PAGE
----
As I watch CNN's Anderson Cooper discuss with Sanjay Gupta the lack of medical care and basic medical supplies, such as antibiotics, six days into the crisis in Haiti, I need to read between the lines to figure out what seems to be holding things up on the ground.
Cooper and Gupta gingerly skirt around the issue and are careful not to impute blame on any one organization or country. Still, Cooper did conclude that decisions being made in Geneva are perhaps costing lives here on the ground. He pointed the finger at large international organizations.
In my previous blog "International Rescue Workers Afraid of Poor Black Haitians," I explain the lack of rescuers and relief workers in the most devastated neighborhoods within Haiti as rooted in fear of the Haitian people because they are different, poor, or black.
Both Gupta and Cooper agreed that the doctors who are here in Haiti need to get on with their business of healing, however imperfect the facilities and supplies and that their supervisors and the UN need to put their security reservations aside because people are dying while they are assessing and strategizing. Moreover, if the basic services are not delivered very soon the violence that is so feared will become reality. Missing from Cooper's excellent coverage and Gupta's expert medical assessment is any mention of the 350 to 400 Cuban doctors who were here before the crisis administering free medical care. While the Belgian doctors where being whisked away due to security considerations the Cubans were operating in full force.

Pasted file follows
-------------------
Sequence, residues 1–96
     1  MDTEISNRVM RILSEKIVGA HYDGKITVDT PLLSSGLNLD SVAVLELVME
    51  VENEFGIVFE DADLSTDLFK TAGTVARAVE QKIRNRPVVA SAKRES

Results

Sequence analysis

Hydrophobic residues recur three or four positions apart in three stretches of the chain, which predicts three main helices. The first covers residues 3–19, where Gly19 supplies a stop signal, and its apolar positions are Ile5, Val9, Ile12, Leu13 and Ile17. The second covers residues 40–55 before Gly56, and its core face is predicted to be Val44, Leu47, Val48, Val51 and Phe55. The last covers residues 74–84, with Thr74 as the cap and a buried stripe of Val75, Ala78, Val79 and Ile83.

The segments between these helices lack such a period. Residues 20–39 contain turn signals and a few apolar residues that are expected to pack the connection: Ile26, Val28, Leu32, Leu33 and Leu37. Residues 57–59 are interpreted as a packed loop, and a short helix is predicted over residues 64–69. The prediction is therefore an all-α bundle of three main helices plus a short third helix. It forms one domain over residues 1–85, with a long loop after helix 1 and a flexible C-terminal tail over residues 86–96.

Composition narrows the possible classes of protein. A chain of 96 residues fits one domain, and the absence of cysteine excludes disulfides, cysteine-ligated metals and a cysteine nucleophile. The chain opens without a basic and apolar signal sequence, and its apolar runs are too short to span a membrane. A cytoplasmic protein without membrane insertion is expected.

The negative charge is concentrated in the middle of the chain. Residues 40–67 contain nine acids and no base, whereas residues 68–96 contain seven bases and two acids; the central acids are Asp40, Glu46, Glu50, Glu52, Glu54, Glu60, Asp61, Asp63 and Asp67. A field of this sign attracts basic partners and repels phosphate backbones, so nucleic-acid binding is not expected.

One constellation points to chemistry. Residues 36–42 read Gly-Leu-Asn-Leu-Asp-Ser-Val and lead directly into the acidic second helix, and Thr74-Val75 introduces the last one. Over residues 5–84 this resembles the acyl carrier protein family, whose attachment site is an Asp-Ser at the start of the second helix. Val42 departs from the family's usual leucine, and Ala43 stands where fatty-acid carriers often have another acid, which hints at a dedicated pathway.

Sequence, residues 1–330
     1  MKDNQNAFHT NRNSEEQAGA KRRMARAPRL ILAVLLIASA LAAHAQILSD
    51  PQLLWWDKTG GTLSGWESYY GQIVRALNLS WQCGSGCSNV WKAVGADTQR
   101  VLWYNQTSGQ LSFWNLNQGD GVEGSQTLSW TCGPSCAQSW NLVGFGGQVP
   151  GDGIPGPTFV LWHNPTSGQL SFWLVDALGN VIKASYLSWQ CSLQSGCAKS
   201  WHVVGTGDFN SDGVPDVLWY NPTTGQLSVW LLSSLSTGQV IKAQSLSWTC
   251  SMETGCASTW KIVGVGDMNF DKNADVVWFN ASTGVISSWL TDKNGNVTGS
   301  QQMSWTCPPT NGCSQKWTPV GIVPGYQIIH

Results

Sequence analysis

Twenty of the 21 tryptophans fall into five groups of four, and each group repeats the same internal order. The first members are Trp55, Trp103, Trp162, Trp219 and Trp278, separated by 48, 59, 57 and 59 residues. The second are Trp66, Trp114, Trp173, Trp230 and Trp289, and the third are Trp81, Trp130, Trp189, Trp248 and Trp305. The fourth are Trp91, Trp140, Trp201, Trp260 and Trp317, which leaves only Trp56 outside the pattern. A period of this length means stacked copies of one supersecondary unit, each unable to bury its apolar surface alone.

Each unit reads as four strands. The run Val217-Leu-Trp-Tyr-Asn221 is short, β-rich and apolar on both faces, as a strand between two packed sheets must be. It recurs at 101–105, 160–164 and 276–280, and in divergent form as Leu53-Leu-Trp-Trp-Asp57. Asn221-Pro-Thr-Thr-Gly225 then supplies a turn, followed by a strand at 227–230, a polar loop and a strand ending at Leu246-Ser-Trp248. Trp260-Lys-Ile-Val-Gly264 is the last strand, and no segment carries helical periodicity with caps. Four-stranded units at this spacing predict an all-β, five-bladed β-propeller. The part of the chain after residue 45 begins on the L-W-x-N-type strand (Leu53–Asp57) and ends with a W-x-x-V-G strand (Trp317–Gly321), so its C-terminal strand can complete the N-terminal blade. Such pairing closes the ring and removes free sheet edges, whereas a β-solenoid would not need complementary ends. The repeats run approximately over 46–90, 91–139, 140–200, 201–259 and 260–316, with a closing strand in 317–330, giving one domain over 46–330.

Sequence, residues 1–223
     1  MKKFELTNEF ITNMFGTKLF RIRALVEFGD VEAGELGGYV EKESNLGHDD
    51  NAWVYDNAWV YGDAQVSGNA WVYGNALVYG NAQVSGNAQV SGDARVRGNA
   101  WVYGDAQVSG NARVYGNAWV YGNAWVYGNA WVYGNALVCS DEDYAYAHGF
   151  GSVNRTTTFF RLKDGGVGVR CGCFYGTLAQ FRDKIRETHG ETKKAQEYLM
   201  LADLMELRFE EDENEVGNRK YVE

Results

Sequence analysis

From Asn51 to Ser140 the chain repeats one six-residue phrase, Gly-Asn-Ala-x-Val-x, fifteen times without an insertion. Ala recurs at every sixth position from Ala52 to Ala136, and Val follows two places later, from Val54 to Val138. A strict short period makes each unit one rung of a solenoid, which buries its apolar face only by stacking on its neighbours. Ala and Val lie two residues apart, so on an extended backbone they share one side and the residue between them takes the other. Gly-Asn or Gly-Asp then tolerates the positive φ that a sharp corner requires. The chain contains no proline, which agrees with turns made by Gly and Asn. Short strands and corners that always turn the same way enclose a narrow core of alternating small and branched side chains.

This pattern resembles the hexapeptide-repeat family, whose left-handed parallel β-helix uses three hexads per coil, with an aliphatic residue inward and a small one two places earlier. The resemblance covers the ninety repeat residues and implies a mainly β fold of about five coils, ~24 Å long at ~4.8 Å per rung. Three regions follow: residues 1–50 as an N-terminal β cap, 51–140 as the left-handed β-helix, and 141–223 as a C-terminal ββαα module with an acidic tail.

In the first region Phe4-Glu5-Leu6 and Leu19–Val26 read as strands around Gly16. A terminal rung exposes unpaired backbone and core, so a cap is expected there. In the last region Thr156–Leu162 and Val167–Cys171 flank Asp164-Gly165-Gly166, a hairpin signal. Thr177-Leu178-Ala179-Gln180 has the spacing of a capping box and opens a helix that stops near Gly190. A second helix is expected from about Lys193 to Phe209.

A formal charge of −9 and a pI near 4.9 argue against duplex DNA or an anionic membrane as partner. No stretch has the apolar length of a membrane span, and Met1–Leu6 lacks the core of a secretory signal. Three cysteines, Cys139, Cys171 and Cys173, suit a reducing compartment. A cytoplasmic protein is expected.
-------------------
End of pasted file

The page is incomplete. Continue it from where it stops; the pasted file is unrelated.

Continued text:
The day after the earthquake struck the Cuban doctors reopened two hospitals. The very day of the quake the Cuban doctors started administering treatment directly from their livingrooms. Since the Cubans live in the poor neighborhoods amongst the poor Haitians they were actually the first responders. We hear about the international doctors who have arrived from Doctors Without Borders and the Israeli Operating Center but no mention of the Cubans. It is so disheartening that these doctors who are doing a great deal of the timely work in the most needed areas are given no mention or credit.
If you would like to support the Cuban trained Haitan doctors on the ground working right now with their own people and alongside the almost 400 Cuban doctors give here.